This place, the small city in which my home stands, has become increasingly lonely for me, and that’s where the desire to be close to my daughter took root. I’m old enough, my physical condition has become precarious enough, to believe this new adventure is exactly what’s needed to renew my excitement about life — as a person who primarily goes out and does things rather than mostly hangs around home, taking care of all these things that surround me. Me, the curator of a family collection of old furniture, wood carvings from my artistic days, good books and a nice little dog door.
It’s just not me.
I’ve come to see the next part of my future as just right in a Silicon Valley city, with a large Baha’i community, surrounded by the diverse population I recall from my previous years a bit further south in California. Spots like Yellowstone and Tahoe to visit. To be where so many important tech outfits have of late been going through watershed moments. Will Yahoo survive? What’s up with Alphabet, really?
What’ll it be like if the city of San Francisco, now irked a bit by all the techies who’ve taken over the city, manages to shove some of them out? Can apartment rents in the Silicon Valley possibly get any higher before people start sleeping in cars or under their desks at Google?
What’ll it be like to roll my wheelchair along city sidewalks, dodging driverless cars now and then in crossing streets? To live not far from an ocean once again?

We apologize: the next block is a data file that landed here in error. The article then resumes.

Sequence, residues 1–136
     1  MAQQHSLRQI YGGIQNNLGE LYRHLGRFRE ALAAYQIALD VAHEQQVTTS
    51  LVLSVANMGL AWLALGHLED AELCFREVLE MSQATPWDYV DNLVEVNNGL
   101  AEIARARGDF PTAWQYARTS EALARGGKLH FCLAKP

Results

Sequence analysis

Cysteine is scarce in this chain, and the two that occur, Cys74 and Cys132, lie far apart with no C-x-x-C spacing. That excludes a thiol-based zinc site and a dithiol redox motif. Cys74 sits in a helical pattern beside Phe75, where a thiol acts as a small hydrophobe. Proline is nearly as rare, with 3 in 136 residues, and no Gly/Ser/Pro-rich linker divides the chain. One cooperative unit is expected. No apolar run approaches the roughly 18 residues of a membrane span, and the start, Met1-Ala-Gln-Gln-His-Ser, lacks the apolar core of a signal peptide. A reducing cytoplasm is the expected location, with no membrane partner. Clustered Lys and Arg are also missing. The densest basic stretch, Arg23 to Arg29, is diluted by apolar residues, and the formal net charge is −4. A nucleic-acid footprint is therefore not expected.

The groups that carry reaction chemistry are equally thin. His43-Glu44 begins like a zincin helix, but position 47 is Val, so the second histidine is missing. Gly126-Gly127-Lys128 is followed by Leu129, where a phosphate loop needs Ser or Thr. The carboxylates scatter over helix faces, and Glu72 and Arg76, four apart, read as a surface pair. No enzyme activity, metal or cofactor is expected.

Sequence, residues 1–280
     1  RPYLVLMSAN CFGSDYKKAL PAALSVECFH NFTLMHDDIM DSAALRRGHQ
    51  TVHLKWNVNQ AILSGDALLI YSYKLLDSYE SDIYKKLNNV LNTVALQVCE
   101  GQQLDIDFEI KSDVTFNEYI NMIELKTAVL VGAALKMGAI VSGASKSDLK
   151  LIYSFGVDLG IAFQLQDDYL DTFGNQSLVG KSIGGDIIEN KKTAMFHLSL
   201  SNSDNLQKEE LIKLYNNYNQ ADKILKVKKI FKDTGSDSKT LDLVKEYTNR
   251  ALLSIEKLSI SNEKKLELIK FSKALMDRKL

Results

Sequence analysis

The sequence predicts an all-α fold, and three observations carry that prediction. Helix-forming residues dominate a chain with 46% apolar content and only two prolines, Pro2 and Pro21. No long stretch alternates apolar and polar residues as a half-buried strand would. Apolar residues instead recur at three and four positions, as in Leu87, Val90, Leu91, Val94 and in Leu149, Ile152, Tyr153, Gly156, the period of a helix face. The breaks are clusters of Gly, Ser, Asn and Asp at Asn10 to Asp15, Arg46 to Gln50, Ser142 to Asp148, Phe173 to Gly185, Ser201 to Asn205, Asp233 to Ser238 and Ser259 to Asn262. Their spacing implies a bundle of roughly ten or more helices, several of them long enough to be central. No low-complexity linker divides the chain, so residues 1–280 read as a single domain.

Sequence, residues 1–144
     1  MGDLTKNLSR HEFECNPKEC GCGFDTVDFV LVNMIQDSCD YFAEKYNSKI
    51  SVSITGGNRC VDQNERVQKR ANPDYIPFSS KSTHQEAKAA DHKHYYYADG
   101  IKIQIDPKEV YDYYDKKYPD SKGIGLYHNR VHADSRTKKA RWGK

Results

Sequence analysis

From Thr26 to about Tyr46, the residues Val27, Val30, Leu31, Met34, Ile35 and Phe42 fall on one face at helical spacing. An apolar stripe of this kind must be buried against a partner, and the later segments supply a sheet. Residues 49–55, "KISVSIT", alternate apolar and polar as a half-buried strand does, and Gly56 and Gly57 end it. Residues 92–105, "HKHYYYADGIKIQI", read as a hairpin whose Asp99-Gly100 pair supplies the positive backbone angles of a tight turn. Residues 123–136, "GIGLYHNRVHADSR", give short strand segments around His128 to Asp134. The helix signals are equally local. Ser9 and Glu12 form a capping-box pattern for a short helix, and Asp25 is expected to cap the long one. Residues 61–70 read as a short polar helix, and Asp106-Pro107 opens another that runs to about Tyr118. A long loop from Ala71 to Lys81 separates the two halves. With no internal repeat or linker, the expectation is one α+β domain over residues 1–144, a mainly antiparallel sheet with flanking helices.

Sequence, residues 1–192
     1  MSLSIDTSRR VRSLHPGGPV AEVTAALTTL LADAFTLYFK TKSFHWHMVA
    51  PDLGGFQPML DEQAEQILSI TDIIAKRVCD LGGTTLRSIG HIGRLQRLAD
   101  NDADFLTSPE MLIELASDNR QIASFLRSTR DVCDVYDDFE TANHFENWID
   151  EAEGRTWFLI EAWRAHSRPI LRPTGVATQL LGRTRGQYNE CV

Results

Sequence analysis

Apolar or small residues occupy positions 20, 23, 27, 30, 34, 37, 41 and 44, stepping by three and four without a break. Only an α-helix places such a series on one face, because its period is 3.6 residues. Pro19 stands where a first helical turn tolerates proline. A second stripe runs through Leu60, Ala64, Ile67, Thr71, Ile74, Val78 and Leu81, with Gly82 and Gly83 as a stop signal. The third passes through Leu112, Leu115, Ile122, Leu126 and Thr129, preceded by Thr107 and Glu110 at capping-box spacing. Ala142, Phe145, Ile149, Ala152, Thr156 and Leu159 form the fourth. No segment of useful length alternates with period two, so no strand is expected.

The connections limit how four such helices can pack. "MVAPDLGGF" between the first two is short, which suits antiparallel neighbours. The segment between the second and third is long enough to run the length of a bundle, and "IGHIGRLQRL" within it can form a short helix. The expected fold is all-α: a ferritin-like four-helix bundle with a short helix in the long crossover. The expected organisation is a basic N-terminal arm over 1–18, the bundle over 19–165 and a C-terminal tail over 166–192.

The mystery, of course, is how a woman whose income is from Social Security can possibly afford this new place. There’s the feeling that I will be reverting to that familiar old 1960s sense that communes are sensible places to live, perhaps going from having a family-sized house and yard all to two small dogs and myself to said small dogs and me sharing a two-bedroom box with several roomies. Wrestling ourselves and leashes in and out a few times a day for exercise, fresh air and potty patrols.
The plan is to live with my daughter, for a while at least, and go from there.
I have to admit that there is something about not knowing how things will turn out that appeals to me at some level. Entropy is the force of creativity, yes? Opens doors to new ways of being.
So, as writer Tom Ryan likes to say no matter whatever he and his mountain climbing mini Schnauzer, Atticus Finch, are facing: “Onward, by all means!” … Right now both are ailing, I find upon consulting the Following Atticus Facebook page. They need your prayers.
And: “Act as though things will go well, and they tend to do that.” ~Me